Ever wonder how much is too much?

This is a great question for all of us to ask ourselves as we examine our coping strategies for our lives.  Learning how to cope and adapt to life’s stressors is a good thing, but sometimes our choices for coping can become problematic and lead to addiction.

“No temptation has overtaken you except what is common to mankind. And God is faithful;  he will not let you be tempted beyond what you can bear. But when you are tempted, he will also provide a way out so that you can endure it.” Corinthians 10:13

Many adults struggle with compulsive behavior (alcohol, food, pornography, etc.) While abuse of alcohol and prescription and street drugs may come to mind as the culprits when referring to compulsive behavior, there are other activities that can become a focus of addiction and abuse as well.

Gambling, working, overeating, anorexia, bulimia, video games, internet surfing, self-harm (cutting or other pain-seeking), over exercising, viewing pornography and excessive shopping are areas that can become, or are from the start, self-defeating.

To identify for yourself if an activity is self-defeating, it is important to engage in an honest inventory of the results of that behavior.

Questions to ask yourself include:

    • How much time do I spend in this activity? Do I lose track of time when engaged in it?  For example, if I sit down to play a video game for 30 minutes, do I end up spending three hours?  What is displaced when I go over the time limit, I set?  Less time with family? Less work accomplished?
    • How often am I preoccupied by thinking about the next time I might engage in the activity? Am I thinking throughout the day about getting home to drink a beer or two to the point that I am distracted?  Do I frequently plan my route to work to be able to hit a fast-food drive through even though it takes me out of my way?
    • What are the consequences of the activity? Am I jeopardizing finances of the family with my overspending while shopping or gambling?  Are there arguments between my spouse and me regarding my drinking or online usage? Does my preoccupation affect my work, family, self-esteem?  Am I engaging in something illegal, physically harmful, or vocationally unacceptable?  Do I feel guilty while I am doing it or thinking about it?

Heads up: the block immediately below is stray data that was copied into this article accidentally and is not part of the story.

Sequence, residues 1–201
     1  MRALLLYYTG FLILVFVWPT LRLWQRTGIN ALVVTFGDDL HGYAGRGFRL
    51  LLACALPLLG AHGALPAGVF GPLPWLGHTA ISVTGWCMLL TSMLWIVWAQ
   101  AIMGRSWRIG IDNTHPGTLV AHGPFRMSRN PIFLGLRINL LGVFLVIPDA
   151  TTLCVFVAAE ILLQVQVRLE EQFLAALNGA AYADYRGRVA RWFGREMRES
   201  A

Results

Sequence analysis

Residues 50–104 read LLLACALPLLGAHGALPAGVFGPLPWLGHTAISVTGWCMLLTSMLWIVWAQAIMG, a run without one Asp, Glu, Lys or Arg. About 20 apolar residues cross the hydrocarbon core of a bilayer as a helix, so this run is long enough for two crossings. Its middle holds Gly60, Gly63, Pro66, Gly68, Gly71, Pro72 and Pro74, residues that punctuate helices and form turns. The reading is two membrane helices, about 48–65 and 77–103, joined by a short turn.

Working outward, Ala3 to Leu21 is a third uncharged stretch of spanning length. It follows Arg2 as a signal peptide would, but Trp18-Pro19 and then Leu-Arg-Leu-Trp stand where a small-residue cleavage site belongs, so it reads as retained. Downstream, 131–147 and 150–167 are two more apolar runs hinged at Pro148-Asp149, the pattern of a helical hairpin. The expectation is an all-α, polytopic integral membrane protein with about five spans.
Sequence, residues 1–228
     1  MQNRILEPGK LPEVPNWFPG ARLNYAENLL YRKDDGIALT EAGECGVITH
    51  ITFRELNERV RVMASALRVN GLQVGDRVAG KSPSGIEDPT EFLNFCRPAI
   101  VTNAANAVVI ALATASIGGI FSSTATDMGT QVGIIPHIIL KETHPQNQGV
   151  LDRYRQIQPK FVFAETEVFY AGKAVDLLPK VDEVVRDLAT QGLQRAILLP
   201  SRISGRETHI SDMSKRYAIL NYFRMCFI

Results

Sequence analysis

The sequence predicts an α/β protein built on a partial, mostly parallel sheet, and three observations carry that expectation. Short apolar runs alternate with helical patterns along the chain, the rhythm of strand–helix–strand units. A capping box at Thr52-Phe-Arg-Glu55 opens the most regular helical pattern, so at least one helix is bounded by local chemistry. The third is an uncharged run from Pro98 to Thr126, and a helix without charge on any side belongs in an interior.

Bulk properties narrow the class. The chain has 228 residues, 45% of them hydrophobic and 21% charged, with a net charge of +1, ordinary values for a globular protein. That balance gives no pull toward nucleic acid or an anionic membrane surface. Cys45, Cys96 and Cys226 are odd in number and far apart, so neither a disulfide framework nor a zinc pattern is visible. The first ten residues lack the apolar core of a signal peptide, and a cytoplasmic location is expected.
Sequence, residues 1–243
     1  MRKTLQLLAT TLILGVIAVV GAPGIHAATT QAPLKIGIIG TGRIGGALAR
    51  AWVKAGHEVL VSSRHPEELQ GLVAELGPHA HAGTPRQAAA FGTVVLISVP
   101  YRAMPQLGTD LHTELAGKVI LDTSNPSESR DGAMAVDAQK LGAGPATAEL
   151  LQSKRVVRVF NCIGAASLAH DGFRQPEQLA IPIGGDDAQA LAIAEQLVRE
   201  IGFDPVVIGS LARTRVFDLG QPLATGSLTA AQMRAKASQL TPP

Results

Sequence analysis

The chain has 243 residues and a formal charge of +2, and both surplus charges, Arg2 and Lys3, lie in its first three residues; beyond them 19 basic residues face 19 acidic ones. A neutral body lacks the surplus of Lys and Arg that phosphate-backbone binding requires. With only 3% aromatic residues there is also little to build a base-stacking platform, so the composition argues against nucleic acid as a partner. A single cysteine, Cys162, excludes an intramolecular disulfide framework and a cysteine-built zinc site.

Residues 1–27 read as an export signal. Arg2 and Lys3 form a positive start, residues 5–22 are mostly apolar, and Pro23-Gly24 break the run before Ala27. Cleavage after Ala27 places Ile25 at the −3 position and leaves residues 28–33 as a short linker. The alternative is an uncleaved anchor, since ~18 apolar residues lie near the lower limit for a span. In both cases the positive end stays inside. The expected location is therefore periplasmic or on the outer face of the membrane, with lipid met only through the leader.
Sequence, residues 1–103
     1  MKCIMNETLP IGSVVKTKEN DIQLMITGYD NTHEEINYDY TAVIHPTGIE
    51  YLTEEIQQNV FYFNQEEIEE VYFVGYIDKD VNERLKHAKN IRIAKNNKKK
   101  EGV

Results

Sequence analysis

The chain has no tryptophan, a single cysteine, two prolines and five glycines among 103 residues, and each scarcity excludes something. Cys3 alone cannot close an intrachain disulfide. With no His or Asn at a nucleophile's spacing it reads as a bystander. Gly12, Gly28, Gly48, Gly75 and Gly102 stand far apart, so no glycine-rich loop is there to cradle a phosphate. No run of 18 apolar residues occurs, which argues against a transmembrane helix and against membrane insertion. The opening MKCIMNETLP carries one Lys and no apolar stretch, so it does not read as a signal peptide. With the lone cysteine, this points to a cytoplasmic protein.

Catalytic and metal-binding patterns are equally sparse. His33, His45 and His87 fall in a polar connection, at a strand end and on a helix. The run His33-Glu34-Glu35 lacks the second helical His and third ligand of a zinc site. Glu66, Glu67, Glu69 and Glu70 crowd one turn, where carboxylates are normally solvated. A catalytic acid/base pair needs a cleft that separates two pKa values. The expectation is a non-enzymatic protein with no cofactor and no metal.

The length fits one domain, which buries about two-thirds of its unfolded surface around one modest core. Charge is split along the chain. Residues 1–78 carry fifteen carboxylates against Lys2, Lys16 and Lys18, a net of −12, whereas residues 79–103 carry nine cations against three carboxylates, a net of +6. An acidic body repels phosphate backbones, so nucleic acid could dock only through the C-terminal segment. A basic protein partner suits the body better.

The thought of having an addiction can be frightening.  So frightening, that taking a hard look at what is happening may be avoided.  It may be helpful to assess the situation with one simple observation:

 If it causes a problem, it is one.

The good news is that there are solutions to the problem of addiction.  The solution may be in the form of formal outpatient counseling, inpatient treatment, and/or attendance at support groups or 12-step programs with which we learn how to live our lives without the behavior that is creating difficulties.

Addictions may be looked at as a behavior that is being used to fill a need in an individual’s life that is not being met.  The need may be to relax, relieve stress, manage anger, improve sense of self, avoid, or diminish emotional pain, seek sexual gratification and many others.  Finding the need is critical to addressing the addiction, as is finding a healthier manner in which to get that need met.

For example, if playing video games is a way in which you relieve stress from the workday or relationship issues, looking at what might help directly address the need can be helpful.  This may include physical exercise, focused relaxation training, conversation about the issue with a spouse or friend, or seeing a professional counselor.  It may be helpful to set limits on time spent playing games, but if unable to stick to the time limit, forgoing playing video games completely may be necessary.  An accountability partner is helpful to report to regarding progress and snags you may come up against in your recovery plan.

Calling upon God to deliver us from addictions and other problematic behaviors is a critical step in recovery. Seek God’s help through prayer, scripture, and study. If your efforts to reduce or eliminate your own addictive behaviors aren’t successful, seek out addiction specialists in your area, pastors, or Employee Assistance programs. There is hope.  There is help.

“Blessed is the man who remains steadfast under trial, for when he has stood the test he will receive the crown of life, which God has promised to those who love him. Let no one say when he is tempted, ‘I am being tempted by God,’ for God cannot be tempted with evil, and he himself tempts no one. But each person is tempted when he is lured and enticed by his own desire. Then desire when it has conceived gives birth to sin, and sin when it is fully grown brings forth death.” James 1:12-15

“And after you have suffered a little while, the God of all grace, who has called you to his eternal glory in Christ, will himself restore, confirm, strengthen, and establish you.” 1 Peter 5:10

“More than that, we rejoice in our sufferings, knowing that suffering produces endurance, and endurance produces character, and character produces hope, and hope does not put us to shame, because God’s love has been poured into our hearts through the Holy Spirit who has been given to us.” Romans 5:3-5

Toni Larson, LISW
Director of Counseling
Lutheran Family Service


More posts about Mental Health